“The discovery of a mass grave at Mutakura and the identification of criminals constitute evidence that journalists from international media saw the atrocities, but kept quiet. This shows their unprofessionalism,” said ruling party CNDD-FDD spokesman, Daniel Gelase Ndabirabe.
The grave was found at Mutakura neighborhood, north of the capital Bujumbura, on Monday. The authorities say there are at least 30 bodies in the grave.
“The CNDD-FDD urges the three UN independent experts visiting Burundi to identify journalists who have covered the bloody protests since May 2015 in neighborhoods like Mutakura, Ngagara, Nyakabiga, Jabe and Musaga to be interrogated and by the Burundian justice,” said the spokesman, adding that the discovery proves that security and defense forces were “wrongly” tarnished.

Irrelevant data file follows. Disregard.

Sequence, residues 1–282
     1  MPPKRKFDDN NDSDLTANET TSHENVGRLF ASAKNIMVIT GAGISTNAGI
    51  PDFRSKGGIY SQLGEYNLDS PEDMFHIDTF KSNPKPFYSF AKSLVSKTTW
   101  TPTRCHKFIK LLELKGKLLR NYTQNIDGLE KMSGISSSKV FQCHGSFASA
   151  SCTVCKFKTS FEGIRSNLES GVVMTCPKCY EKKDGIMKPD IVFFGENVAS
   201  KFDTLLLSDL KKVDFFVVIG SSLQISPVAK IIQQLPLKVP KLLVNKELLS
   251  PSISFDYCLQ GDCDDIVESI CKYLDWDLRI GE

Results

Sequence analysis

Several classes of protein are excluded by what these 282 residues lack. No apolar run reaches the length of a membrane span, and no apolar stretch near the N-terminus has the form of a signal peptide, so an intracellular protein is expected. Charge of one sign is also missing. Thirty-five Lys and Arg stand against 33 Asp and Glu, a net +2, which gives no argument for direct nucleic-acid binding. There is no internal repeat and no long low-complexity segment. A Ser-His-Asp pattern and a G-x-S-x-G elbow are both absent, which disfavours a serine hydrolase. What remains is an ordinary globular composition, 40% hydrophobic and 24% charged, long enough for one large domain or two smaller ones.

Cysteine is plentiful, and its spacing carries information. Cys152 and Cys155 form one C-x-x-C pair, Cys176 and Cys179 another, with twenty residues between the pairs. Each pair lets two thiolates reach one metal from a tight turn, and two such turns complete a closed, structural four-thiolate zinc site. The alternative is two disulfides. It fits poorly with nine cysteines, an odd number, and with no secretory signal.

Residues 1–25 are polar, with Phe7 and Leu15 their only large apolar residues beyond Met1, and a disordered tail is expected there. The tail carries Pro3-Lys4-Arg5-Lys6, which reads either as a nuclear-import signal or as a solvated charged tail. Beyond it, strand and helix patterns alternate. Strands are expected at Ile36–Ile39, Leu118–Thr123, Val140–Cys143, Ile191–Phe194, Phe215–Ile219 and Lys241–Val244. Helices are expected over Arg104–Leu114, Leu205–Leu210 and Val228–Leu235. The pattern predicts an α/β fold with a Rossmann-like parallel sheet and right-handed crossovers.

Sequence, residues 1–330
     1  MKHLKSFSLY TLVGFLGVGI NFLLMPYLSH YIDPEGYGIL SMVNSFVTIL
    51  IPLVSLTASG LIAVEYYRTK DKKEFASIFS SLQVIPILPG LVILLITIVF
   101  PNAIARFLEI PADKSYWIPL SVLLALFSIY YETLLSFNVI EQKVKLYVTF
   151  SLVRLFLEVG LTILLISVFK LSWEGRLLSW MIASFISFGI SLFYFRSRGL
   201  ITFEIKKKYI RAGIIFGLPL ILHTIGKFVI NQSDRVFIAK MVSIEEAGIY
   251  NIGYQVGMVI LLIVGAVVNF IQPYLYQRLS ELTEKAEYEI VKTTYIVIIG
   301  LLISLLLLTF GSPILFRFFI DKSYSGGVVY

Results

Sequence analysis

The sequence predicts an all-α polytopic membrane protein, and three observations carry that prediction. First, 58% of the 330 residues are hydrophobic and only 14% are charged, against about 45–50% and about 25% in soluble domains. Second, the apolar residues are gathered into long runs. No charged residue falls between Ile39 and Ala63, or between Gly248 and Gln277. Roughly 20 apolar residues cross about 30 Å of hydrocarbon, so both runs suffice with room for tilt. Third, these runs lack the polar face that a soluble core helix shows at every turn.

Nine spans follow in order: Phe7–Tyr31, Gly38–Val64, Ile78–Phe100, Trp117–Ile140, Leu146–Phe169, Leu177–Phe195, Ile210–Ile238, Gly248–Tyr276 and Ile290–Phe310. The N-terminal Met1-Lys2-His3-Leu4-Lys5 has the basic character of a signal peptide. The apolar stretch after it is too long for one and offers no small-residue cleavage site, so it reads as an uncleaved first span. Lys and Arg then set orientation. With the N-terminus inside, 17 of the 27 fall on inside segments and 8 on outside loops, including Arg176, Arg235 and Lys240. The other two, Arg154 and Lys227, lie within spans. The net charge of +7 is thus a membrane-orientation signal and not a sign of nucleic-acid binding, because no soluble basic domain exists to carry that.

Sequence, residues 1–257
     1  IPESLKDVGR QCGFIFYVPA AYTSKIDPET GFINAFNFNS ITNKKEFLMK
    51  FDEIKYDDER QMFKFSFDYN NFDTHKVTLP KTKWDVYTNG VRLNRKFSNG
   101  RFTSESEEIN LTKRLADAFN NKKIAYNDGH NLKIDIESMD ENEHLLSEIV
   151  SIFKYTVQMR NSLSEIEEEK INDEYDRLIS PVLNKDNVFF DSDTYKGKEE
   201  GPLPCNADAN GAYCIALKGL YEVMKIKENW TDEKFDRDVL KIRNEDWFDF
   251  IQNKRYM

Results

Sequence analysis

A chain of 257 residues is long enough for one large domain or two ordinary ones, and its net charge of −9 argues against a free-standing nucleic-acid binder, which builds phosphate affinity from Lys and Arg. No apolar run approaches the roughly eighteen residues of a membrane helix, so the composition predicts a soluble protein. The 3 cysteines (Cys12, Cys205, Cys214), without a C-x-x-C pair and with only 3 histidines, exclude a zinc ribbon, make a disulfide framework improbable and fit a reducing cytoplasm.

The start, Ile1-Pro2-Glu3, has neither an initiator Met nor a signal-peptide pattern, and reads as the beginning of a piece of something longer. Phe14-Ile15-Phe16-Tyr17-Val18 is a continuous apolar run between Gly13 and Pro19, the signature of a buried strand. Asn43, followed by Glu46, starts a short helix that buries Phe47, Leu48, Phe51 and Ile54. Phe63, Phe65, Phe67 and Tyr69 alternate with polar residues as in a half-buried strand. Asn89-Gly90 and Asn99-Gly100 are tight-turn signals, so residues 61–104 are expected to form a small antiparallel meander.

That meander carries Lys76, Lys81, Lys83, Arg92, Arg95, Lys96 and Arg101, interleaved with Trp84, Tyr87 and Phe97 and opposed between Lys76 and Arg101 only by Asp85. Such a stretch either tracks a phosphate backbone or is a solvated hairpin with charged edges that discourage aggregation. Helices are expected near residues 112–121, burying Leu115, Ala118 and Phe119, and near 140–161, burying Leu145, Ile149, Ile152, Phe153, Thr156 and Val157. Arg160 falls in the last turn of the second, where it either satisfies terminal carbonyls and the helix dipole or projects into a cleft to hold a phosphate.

The discovery coincided with the visit, from March 1 to March 8, of three UN independent experts who have been deployed to Burundi to investigate human rights violations.
Bujumbura Mayor Freddy Mbonimpa told reporters Mutakura was a neighborhood known for hosting “insurgents” and the bodies were victims who supported a third term for President Pierre Nkurunziza.
“This shows that accusations by Amnesty International and other organizations about the existence of mass graves where youth said to have disappeared in the hands of security forces were dumped are wrong and groundless,” Mbonimpa said, adding that the discovery should refute some accusations against the security forces.
Burundi has been in turmoil since April last year when President Nkurunziza announced his bid for a third term in office, criticized by the opposition as violating the constitution.
He went on to win an election boycotted by main opposition parties in July, amid waves of protests. Violence so far has killed over 400 people. Enditem